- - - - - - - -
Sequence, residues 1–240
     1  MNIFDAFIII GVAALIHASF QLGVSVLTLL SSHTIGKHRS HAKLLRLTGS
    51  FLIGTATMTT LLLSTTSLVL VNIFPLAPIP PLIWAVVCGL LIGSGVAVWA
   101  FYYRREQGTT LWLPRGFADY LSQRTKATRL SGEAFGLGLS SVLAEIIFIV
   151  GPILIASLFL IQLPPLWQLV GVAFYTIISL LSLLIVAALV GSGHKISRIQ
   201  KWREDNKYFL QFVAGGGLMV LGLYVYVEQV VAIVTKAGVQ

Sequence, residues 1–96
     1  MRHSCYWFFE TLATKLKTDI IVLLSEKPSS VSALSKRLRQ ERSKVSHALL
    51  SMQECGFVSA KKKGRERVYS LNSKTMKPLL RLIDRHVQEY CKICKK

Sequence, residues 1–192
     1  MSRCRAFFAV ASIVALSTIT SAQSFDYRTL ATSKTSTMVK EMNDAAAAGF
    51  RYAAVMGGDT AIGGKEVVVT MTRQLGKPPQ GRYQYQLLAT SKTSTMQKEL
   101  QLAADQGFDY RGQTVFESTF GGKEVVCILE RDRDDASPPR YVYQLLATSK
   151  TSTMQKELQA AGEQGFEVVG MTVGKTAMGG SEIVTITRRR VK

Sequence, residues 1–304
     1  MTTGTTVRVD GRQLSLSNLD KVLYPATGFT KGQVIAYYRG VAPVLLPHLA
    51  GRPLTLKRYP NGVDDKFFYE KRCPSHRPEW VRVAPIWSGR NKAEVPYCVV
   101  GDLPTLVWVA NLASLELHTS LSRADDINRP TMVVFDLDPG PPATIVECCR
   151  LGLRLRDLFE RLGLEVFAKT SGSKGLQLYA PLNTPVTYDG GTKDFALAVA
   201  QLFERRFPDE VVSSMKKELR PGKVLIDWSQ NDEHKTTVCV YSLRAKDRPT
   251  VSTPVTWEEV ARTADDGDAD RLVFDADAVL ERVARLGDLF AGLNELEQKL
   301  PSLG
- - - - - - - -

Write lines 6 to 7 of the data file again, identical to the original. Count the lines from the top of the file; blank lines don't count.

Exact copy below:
   201  KWREDNKYFL QFVAGGGLMV LGLYVYVEQV VAIVTKAGVQ

Sequence, residues 1–96